In the midst of a blog post blandly titled “Ensuring your information is safe online,” Google lobs a bombshell of an accusation against the Chinese government: It says that it unearthed a Gmail account hijacking campaign, “which appears to originate from Jinan, China, affect[ing] what seem to be the personal Gmail accounts of hundreds of users including, among others, senior U.S. government officials, Chinese political activists, officials in several Asian countries (predominantly South Korea), military personnel and journalists.”
Google’s backing for its accusations come in part from a thorough February 2011 blog post from researcher Mila Parkour of Contagio, which details several “spear phishing” methods by which hackers attempted to get the passwords and personal information from their targets. In the image above, for example, a fake Gmail login page is used to attempt to scoop up user passwords. Google:
The goal of this effort seems to have been to monitor the contents of these users’ emails, with the perpetrators apparently using stolen passwords to change peoples’ forwarding and delegation settings. (Gmail enables you to forward your emails automatically, as well as grant others access to your account.)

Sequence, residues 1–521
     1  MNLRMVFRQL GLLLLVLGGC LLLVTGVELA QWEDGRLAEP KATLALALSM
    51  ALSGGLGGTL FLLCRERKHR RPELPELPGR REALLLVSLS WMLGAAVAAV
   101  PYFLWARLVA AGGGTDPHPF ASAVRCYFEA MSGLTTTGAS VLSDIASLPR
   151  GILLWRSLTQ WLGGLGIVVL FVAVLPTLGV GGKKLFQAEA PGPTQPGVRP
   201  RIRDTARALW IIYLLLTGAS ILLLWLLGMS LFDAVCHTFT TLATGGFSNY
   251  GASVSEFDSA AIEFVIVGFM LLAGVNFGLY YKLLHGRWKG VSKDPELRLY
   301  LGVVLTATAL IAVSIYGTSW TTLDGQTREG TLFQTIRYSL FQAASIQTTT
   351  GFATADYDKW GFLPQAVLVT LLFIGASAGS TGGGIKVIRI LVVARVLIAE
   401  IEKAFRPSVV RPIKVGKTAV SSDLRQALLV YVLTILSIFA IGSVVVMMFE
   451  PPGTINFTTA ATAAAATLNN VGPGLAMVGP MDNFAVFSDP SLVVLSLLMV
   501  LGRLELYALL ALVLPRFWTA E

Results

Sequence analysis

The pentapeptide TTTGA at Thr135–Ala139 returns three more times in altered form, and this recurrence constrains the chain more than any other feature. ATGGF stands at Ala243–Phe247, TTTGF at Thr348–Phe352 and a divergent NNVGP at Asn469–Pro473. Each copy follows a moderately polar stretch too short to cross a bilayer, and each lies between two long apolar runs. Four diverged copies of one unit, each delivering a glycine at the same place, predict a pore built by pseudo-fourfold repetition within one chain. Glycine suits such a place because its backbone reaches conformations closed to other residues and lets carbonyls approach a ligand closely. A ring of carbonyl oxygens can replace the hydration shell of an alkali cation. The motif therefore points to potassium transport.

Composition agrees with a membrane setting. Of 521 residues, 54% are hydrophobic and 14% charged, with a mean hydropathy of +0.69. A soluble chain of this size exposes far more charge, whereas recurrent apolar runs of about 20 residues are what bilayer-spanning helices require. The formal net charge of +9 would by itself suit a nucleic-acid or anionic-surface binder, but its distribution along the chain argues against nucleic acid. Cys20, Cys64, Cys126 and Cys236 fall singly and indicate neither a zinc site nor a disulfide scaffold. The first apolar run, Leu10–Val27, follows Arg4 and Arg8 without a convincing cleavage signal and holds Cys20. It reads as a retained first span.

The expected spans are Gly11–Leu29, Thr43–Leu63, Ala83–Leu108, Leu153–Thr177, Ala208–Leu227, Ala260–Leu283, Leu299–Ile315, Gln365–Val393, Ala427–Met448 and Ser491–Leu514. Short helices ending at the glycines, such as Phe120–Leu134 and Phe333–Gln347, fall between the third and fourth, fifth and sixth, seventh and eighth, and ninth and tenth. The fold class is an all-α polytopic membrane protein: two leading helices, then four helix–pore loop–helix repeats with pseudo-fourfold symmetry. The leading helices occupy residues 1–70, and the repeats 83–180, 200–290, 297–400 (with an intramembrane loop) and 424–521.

Google detected and has disrupted this campaign to take users’ passwords and monitor their emails. We have notified victims and secured their accounts. In addition, we have notified relevant government authorities.
The Chinese government denies any connection with hacking attacks: “Allegations that the Chinese government supports hacking activities are completely unfounded and made with ulterior motives,” an official said in a statement.
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